We’ve all had one of those moments when we’re working on a document or an email and we just can’t find the right words. We know what we want to say, but saying it to the person sitting next to us is different than conveying it via the written word.
When one of my co-workers finds themselves in that situation, they usually end up at my desk. I have a reputation for being the go-to gal in the office for “wordsmithing”. I’m not quite sure how the title of wordsmith became mine, but it’s one that I am proud to bear.
I was about 18 the first time I heard the word wordsmith. It conjured images of a blacksmith standing at an anvil and forge shaping something useful out of raw material. Though the exec who used the phrase was referring to one of my co-workers who was especially adept at creating readable documentation.
For me, becoming a wordsmith happened slowly. In high school, I always liked English class — the reading, the grammar, the vocabulary, the spelling. I could have done without the actual writing assignments, but you get the idea. Even then, I had classmates who would come to me and ask me to read their papers and help them out when they were stuck.
When I started working as an entry level admin just before high school graduation, a large part of my job was to type what I was given. Oftentimes as I was typing, I’d be thinking, “I know what the writer means, but that’s not what these words say”. Sometimes it was as simple as “your” instead of “you’re” or “affect” versus “effect”. More often than not, it wasn’t a matter of using an incorrect word or even a misspelling – it was about finding a way to provide repetitive information without sounding repetitive.
So I started to grow my vocabulary. I tried different words or phrases to convey the same meaning. I listened when document changes were being discussed. I took note of phrases that were repeated in meetings. I kept a thesaurus and a dictionary on my desk at all times – and I used them, often. I read, often. I asked questions, often. And I listened. I listened to the way my co-workers and supervisors spoke, and to how others responded.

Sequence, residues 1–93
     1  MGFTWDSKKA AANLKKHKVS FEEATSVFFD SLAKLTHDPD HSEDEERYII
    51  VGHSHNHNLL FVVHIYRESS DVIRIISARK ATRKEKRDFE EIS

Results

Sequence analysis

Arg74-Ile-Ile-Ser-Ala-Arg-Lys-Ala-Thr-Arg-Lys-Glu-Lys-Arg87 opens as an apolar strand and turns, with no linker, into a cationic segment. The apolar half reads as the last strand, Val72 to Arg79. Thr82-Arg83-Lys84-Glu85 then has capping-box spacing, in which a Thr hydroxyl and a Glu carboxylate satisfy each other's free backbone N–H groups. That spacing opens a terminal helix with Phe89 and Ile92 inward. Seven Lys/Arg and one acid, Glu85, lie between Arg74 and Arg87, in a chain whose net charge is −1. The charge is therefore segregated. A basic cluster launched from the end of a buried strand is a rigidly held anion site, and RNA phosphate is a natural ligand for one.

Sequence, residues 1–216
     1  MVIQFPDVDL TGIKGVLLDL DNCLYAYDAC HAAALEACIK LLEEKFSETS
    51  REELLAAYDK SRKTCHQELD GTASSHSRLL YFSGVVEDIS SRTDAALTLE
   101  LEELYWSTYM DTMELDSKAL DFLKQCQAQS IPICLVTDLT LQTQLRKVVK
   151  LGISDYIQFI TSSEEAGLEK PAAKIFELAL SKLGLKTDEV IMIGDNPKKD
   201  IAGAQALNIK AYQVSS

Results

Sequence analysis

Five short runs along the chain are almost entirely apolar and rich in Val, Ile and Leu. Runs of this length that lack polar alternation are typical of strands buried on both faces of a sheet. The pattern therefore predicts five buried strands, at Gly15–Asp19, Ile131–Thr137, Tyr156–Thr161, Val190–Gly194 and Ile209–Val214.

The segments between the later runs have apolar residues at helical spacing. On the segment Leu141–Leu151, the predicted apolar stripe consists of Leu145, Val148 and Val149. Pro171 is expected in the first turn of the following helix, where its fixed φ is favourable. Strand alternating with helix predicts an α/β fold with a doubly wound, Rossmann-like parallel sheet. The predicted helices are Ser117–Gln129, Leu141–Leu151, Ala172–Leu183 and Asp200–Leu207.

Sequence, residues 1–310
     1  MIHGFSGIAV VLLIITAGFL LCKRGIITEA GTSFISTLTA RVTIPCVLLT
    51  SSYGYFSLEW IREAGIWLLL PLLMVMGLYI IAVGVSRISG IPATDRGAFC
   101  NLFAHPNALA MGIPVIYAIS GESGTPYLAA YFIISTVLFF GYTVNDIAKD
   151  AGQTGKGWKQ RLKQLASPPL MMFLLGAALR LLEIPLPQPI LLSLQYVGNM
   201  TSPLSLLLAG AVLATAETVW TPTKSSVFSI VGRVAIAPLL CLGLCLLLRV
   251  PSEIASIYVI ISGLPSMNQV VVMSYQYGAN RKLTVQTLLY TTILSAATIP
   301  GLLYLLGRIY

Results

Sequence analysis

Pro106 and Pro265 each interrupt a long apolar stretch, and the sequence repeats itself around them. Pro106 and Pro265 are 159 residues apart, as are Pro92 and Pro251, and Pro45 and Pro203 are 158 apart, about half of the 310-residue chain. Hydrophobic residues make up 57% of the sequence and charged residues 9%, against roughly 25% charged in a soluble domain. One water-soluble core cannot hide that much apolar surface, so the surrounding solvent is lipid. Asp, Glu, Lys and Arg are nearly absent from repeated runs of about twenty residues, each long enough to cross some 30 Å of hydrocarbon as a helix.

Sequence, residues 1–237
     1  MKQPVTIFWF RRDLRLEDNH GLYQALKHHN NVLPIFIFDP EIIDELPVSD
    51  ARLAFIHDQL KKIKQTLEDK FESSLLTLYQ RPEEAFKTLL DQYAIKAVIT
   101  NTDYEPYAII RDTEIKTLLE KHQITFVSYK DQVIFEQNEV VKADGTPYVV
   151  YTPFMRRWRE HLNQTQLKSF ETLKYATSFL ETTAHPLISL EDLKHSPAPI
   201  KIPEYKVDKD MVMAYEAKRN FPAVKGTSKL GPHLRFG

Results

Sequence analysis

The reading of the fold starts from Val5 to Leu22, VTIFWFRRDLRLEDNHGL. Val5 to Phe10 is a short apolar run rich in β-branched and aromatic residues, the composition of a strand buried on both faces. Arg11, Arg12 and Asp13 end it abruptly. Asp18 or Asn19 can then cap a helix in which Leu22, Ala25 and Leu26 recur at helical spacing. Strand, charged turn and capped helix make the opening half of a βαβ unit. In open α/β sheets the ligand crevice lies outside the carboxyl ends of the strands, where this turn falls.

Fortunately for me, I had a wonderful mentor early in my career – the very co-worker that my first exec called a wordsmith. Mr. Mac was amazing. A retired Army officer, the man could type about 70 words per minute on a manual typewriter. And he knew words. He knew that by changing a word here and a word there, not only did he clarify what he was trying to say, but he often enhanced the message as well. He made it easy to absorb knowledge. You never felt like you were being taught. But at the end of the day, you had new skills and know-how that you could actually use. Though at the time, I didn’t realize that he was teaching me to be a wordsmith. Nor did I understand how important those skills would be throughout my entire professional life.
I wish I could say that it was as simple as taking an online course and *poof* I was a wordsmith. The reality is that I learned through trial and error — and, I think, by osmosis. Some people have an affinity for numbers. I seem to have developed an affinity for words.
I have been privileged to have been surrounded by intelligent, articulate people. This helped me, I believe, become more thoughtful and, I hope, more articulate.
So pay attention. What do you want to get better at doing? How can you actively work to make it happen? For me the key was finding a mentor with whom I could work and learn from easily. For you it may be having those references at your fingertips. Whatever skill you’d like to improve, it’s going to take some work, but the effort is worth the outcome.
By Sherry Arlt | People Science Processor